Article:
Tuesday, April 19, 2011

On Filtering Media: Parenting Fail

My six-year old son, Duzi is one of those kids who memorizes movie lines and then quotes them at the most random moment possible. In the car, at the dentist, at the doctor’s office, at the bus stop, and at baseball practice, he always has a one liner ready. He uses movies to practice American slang. Lately, he’s been experimenting with the words “sucker” and “dude.” As in, "Dude, can I have some eggs?" And, "Duuuuude - is it chore time?" And then, my favorite one - especially when he says it in public - is, "That's right, SUCKER!"
The kid will repeat anything. We sort of accidentally let him watch a movie about tornadoes that the older kids wanted to watch, completely forgetting about the foul language contained therein. The next day, as we pulled up to the grocery store, I overheard Duzi playing with his cars in the back seat. One car said to the other, “OH SHIFTS!” The car then proceeded to get sucked up by a fake tornado. I was 1) Thankful that he mispronounced the bad word and 2) Very aware that I need to closely monitor this kid’s media exposure.

So, we recently took all three kids to see RIO – the new cartoon movie about the birds.
Duzi told me that it was the funniest movie he had ever seen. He also told me that about Soul Surfer…so I’m not sure that his is the most discerning voice.

I’ve never really felt the need to view kids movies with such scrutiny, but here we are. Actually, truth be told – I sort of hate kids’ movies. Unless it’s The Incredibles. I like that one.

In spite of my aversion to kids' movies, I did like RIO. It’s a beautiful movie, colorful, alive, and the songs move. Will-I-am gives a great performance as an Angry Bird (his “romantic” song had the entire theater laughing - especially Duzi), and Tracy Morgan is classic as a bird-friendly-bulldog. The bad-bird Cockatoo was frightening and funny, and gets his just reward in an appropriately comic way. The monkeys are fantastic, and the bird-club-rave-slash-gang-brawl was brilliant.

A little…dare I say…racy for a kid’s movie? Blu bounces off a bikini’d buttocks, and the final Carnival costumes are flamboyant and buxom…accurate, I imagine, to Rio’s culture, and a stark contrast to the “MinniSNOWta” life that Blu lived until he was transported to Brazil. But just a tad…racy. Also, the plot line of getting the McCaw’s together so they could mate is a bit of grown up theme, and could cause questions for young viewers. (ie. Caleb asking us, “How does the information get from the daddy to the baby in the mommies tummy?”) Compared to Rango, there is no tobacco consumption that I noticed, but there are some adult themes that might need to be unpacked.

There’s the Howerton take on Rio.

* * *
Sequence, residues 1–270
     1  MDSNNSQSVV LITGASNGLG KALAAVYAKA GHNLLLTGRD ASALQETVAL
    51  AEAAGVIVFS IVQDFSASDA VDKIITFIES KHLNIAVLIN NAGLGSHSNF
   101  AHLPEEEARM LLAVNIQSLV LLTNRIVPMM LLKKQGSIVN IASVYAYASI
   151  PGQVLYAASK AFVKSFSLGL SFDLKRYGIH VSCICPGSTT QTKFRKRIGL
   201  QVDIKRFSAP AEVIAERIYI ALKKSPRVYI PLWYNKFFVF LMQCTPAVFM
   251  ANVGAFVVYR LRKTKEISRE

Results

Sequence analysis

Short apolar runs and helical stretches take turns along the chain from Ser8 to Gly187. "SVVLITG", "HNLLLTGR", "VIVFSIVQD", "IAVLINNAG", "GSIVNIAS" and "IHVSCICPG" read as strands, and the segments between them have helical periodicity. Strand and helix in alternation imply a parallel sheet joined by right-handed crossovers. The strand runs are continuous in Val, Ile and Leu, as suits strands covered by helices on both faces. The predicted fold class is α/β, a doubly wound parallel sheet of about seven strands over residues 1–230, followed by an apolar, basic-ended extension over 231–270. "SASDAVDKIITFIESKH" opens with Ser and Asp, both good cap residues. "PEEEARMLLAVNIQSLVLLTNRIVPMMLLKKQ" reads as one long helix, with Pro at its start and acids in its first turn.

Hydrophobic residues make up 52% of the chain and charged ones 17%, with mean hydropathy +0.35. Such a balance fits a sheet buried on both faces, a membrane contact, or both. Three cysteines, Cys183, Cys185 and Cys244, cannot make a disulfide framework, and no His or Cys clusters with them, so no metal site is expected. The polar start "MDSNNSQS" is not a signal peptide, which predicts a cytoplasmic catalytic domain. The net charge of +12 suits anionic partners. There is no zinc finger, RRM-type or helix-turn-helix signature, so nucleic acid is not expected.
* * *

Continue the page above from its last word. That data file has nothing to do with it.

There are not any bad words in it. 

Monday, April 11, 2011


We all need heroes. Humanity has made heroes out of some of the least likely candidates. When a person is converted into a hero in society’s collective memory, the individual is elevated to the highest places. Children’s books are written about them, statements they supposedly uttered are logged into online quote sites. Something about having heroes helps us live better, work toward goals, and care a whole lot more about each other.

But, the truth about heroes is that they are heroes because they struggled. They are heroes because of adversity. The overcoming adversity part is the part we remember, the part society celebrates. We sort of skip over the excruciating pain part. All kids dream about becoming heroes, because of the glory involved, not because of the pain that precedes victory. As an adult, I understand the pain involved in hero making and my first instinct is to run from it. To run far, far away.

The other night, the three kids and the husband and I went to see the Bethany Hamilton memoir “Soul Surfer.” We all knew the basic story (Duzi was briefed on the way to the movie and escorted to the concession stand by Dad during the shark attack scene) and our family absolutely loves the island of Kauai, where the story takes place. We had all read Bethany’s memoir, “Soul Surfer” several years ago and knew that Bethany survived having her arm bitten off by a shark while surfing. We knew that she ascribed her survival and subsequent recovery (including a career in professional surfing) to her relationship with God.

So, we were very excited to see the motion picture version. Here’s the Howerton review:

The story is powerful. The acting was mediocre. The raw emotion of the story came through in spite of some less than stellar acting moments. My children came away utterly inspired by the courage and tenacity of Bethany Hamilton. That said, we’d see it again in a heartbeat. I can’t think of many movies these days that authentically inspire. Even with the poor acting and a touch of lame special effects, we loved it.

I do think, though, that Bethany herself is even more inspiring than the movie rendition of her. I came across this video of the real lady and I sort of wished the movie had been a documentary. Bethany sounds like a surfer because well, she is one. A really good one.


Oh, and if a movie is ever made about me, I’d really like Dennis Quaid and Helen Hunt to play my parents.

Thursday, April 7, 2011

On Being the Pastor's Wife

I have always had an interesting relationship with my role as a pastor’s wife. Some days I like it –mostly those are days when the role has felt fulfilling, when I get to speak into the life of our church, when the role has given me an opportunity to help or pray with someone in pain. Other days, the role feels like a shoe that just doesn’t fit. A shoe that gives you blisters or squeezes your toes too hard. A shoe that stinks.